The Convention And The Gatt System

1386 WordsApr 4, 20176 Pages
To satisfy the national treatment principle ensured in the Paris Convention and the GATT system, the “availability” of article 27.1 should be interpreted as Members are required to “grant” patents regardless of the product or process ' field of technology, place of manufacture, or the applicant 's nationality. Particularly, article 2 of the Paris Convention specifies the foreign applicants enjoys the patent right be granted to her in all countries of the Union. Furthermore, article 2 of the Paris Convention is incorporated by article 2.1 of the TRIPS Agreement. The non-discrimination obligation in article 27.1 of the TRIPS Agreement is to ensure the national treatment incorporated from the Paris Convention to be fully implemented.…show more content…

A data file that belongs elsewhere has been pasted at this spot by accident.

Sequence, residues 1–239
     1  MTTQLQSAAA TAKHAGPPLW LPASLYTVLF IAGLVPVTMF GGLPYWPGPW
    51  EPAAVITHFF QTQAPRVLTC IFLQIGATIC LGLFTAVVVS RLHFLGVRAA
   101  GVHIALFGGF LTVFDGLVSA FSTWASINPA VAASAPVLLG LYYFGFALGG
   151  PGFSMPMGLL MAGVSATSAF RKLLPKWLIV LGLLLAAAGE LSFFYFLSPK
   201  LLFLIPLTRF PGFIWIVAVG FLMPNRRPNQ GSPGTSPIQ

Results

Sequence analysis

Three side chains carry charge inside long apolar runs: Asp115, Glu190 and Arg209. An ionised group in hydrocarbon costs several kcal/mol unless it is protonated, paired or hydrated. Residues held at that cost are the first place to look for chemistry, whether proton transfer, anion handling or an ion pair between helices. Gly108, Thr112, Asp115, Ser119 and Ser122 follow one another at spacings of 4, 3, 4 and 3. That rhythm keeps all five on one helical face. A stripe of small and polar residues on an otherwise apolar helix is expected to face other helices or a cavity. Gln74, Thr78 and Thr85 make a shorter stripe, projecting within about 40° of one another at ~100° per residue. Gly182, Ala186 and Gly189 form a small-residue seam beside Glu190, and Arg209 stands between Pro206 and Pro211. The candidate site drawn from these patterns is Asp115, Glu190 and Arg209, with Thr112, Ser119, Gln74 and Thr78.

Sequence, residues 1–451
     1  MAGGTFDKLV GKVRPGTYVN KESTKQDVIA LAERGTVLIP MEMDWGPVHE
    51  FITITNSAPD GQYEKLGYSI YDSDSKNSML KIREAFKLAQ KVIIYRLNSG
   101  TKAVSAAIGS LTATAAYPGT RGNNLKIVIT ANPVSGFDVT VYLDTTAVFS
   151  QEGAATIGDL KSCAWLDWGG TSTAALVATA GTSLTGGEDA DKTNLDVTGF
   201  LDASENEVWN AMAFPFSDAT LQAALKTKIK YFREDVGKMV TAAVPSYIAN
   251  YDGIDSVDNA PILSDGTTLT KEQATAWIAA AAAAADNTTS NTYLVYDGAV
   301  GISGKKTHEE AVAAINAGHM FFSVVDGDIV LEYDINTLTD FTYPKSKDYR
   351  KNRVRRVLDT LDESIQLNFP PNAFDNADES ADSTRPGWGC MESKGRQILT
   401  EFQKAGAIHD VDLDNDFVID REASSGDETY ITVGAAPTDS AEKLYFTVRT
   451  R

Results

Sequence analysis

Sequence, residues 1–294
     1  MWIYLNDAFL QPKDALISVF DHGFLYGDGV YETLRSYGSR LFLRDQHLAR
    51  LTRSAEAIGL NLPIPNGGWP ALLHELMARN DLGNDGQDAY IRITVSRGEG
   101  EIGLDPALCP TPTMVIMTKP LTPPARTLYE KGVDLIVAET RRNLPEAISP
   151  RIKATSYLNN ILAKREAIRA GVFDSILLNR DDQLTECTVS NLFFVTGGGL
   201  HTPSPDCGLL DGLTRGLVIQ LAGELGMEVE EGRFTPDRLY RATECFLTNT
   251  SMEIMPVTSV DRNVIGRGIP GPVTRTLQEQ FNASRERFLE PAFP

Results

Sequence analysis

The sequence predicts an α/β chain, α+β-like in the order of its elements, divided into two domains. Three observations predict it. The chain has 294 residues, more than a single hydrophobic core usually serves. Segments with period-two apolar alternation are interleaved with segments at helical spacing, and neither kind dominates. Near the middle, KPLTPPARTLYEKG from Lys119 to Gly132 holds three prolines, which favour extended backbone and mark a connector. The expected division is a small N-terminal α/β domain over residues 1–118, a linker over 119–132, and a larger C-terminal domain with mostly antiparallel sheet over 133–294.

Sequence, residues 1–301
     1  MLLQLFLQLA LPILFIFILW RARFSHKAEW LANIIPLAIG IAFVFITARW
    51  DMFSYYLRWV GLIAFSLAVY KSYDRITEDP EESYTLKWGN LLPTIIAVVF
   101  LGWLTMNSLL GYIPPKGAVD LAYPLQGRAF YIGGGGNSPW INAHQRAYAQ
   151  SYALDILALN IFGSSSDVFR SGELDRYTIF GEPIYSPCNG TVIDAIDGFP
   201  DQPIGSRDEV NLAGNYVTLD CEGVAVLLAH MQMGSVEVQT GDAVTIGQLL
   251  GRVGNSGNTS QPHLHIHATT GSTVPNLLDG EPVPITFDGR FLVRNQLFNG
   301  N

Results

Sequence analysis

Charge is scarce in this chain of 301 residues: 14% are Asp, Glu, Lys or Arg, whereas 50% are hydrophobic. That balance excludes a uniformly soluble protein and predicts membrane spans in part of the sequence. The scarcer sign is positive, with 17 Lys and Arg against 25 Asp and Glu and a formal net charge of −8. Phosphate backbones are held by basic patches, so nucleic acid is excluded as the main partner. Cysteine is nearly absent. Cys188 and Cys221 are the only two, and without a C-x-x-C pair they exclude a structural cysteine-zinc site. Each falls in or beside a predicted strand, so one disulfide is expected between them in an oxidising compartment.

Hence, section 84 does not discriminate de jure. Nevertheless, there might be de facto discrimination in practices (in granting compulsory licenses, not in granting patents) due to the fact that most of the patentees are foreigners in a developing country. However, neither de jure discrimination nor de facto discrimination exists in “making patents available” to foreigners. Arguably, it would be de facto discriminatory to nationals in developing countries. Most important of all, scholars also concur on the opinion that technology-specific differentiations can be justifiable, not per se impermissible under TRIPS. The Canada—Pharmaceutical Patents panel did not intend to provide a rigid rule to determine what constitutes a legitimate reason to impose a differential treatment. The IPA did not appear to apply the local working requirement only to the pharmaceutical sector. Previously, Brazil introduced a local working provision (article 68) in its Industrial Property Law and the US filed a complaint before the WTO dispute settlement body in 2001. Nonetheless, the U.S. agreed with non-discrimination of article 68 of Brazil 's Industrial Property Law, but argued that it is a protectionist measure, intending to create jobs domestically extensively though out all technology fields. These considerations regarding articles 7 and 8 of the TRIPS Agreement would be discussed in
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